Minister of Natural Resources 

“By helping Canadians switch from the roller-coaster prices of home heating oil toward more affordable, Canadian-made electrical home heating, we’re saving households thousands of dollars on energy bills while fighting climate change. Cheaper home heating, less pollution. It’s a win-win.”

The Honourable Steven Guilbeault

Minister of Environment and Climate Change, Canada

Quick facts

  • Homeowners in PEI are invited to register through the provincial Free Heat Pump Program.

  • Homeowners in Nova Scotia are invited to register through the EffiencyOne website.

  • Heat pumps are a proven and reliable technology in Canada, capable of providing year-round comfort control for a home by:

    ○      heating it in the winter;

    ○      cooling it in the summer (heat pumps, despite their name, can also act as air conditioners); and

    ○      in some cases, heating water.

  • Heat pumps are one of the best ways for homeowners to save money on energy bills and fight climate change. When compared with other electric home heating sources, they are also two to three times more efficient, meaning greater savings for homeowners and reduced energy intake for utilities and grids.

    ○      On average, homeowners who switch from oil to cold-climate heat pumps to heat their homes would save between $1,500 and $4,700 per year on home energy bills.

  • The heat pump can also provide cooling by transferring warm indoor air to the outside. The energy provided by the outside air is free: consumers only pay for the electricity used by the compressor.

  • Cold climate air source heat pumps have been designed to work in lower temperatures well below freezing and can now work down to –30°C temperatures. This is possible because there is thermal energy available in the air, even in very low temperatures. For example, air at –18°C still has 85 percent of the thermal energy as air at 21°C. These systems are also capable of switching to a cooling mode.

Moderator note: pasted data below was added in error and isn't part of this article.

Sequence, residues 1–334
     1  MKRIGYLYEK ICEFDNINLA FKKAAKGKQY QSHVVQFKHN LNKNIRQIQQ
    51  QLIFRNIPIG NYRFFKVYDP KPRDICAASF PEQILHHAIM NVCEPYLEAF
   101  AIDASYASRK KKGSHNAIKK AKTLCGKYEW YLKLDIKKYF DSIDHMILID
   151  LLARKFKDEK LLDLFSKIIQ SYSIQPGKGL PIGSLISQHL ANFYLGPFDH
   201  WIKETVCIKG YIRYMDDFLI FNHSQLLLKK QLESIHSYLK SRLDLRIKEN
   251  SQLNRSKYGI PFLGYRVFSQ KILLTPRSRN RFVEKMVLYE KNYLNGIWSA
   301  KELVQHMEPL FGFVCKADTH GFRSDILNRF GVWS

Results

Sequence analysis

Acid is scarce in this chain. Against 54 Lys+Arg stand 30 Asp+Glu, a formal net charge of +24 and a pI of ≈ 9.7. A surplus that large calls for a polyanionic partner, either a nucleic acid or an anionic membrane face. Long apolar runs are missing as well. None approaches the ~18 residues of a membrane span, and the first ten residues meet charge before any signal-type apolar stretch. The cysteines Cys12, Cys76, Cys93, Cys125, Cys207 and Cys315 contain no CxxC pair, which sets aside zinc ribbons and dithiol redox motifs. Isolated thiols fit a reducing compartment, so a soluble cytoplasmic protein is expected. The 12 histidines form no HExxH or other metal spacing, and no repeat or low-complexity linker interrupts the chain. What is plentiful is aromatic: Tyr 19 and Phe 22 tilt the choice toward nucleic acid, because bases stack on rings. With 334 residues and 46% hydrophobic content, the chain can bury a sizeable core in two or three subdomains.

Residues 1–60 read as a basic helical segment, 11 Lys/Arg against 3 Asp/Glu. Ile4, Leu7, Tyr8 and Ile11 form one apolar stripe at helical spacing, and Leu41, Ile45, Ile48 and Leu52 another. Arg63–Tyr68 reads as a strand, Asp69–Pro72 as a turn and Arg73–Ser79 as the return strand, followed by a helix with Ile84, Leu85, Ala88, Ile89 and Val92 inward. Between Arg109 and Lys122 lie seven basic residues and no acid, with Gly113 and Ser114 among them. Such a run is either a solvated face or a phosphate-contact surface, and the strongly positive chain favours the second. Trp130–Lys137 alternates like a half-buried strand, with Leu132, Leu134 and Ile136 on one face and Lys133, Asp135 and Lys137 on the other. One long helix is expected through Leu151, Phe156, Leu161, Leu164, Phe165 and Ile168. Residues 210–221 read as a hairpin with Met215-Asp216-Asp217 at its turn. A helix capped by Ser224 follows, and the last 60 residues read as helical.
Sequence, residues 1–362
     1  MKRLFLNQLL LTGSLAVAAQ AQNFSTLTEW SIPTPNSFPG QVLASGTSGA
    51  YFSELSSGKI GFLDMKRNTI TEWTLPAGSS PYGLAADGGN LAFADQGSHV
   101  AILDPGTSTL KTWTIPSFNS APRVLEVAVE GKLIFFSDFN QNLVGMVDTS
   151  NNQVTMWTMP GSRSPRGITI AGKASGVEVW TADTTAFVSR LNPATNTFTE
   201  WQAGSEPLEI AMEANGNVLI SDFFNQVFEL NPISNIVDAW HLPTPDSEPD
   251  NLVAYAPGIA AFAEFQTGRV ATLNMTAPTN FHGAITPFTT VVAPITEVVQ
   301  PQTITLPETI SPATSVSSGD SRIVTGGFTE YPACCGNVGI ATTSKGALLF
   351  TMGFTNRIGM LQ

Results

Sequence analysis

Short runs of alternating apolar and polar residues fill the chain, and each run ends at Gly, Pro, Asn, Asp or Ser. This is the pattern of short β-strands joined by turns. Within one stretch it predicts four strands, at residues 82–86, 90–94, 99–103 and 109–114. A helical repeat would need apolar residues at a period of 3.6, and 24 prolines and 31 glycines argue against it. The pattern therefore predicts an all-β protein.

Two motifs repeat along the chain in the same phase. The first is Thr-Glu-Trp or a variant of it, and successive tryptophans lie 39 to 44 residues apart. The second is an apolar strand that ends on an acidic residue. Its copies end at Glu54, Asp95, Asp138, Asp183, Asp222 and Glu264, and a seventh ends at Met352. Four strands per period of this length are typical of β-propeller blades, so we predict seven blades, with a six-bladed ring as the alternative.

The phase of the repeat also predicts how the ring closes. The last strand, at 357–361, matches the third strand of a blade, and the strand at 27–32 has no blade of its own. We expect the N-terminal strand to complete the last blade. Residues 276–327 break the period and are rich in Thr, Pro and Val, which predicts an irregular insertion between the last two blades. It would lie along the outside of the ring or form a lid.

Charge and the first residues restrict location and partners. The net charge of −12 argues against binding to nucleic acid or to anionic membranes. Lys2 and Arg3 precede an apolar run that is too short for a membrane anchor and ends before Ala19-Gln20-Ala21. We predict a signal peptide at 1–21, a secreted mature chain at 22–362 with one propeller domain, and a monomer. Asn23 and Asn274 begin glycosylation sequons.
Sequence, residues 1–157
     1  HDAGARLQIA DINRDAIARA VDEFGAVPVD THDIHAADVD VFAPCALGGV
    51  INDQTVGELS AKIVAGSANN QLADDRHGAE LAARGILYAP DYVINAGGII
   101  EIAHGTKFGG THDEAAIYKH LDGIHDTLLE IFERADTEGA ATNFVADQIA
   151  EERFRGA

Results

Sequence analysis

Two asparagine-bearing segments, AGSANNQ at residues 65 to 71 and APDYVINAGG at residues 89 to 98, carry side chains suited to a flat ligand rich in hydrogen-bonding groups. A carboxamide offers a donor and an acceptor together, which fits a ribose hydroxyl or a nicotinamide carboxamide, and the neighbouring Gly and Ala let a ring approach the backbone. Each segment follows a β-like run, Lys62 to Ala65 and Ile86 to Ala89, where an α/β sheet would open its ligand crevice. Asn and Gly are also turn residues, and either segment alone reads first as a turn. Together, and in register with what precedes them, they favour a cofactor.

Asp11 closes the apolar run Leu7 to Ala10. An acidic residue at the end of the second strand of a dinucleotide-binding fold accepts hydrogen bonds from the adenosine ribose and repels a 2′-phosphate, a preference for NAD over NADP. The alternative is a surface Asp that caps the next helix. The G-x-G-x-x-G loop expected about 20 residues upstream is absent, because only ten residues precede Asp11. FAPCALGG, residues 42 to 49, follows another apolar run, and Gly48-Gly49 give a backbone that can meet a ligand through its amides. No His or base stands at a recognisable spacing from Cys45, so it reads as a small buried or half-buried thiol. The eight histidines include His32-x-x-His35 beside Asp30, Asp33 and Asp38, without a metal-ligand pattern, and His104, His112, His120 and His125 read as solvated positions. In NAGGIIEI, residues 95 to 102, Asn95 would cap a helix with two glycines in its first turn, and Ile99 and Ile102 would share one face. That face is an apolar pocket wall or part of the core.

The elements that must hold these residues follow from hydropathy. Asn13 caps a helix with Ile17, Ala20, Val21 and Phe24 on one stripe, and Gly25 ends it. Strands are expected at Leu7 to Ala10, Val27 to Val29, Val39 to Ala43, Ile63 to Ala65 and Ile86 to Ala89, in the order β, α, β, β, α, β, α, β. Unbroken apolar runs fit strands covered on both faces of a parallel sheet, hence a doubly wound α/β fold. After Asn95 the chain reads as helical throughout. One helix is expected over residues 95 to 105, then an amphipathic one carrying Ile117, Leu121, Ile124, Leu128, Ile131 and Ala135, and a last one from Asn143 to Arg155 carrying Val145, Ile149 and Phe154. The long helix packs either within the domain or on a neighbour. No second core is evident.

• Since the Canada Greener Homes Loan launched on June 17, 2022, more than 20,000 homeowners have applied for a loan, and more than $225 million in loan commitments have been made.

  • Further assistance will be made available through the Low Carbon Economy Fund (LCEF), announced by Minister Guilbeault in September 2022. The LCEF Home Heating Oil Transition funding will provide up to $250 million to interested provinces and territories to expand existing programs or create new initiatives that support low-income households in their transition from home heating oil to low-emitting heating sources. Approximately $120 million of the overall funding will go to people in Atlantic Canada, where the use of oil for home heating is much more common. Agreements on the specific programs to distribute funding in each jurisdiction are currently being finalized, aiming for funding to begin in 2023–2024.

Associated links


Natural Resources Canada
Media Relations

Keean Nembhard

Press Secretary

Office of the Minister of Natural Resources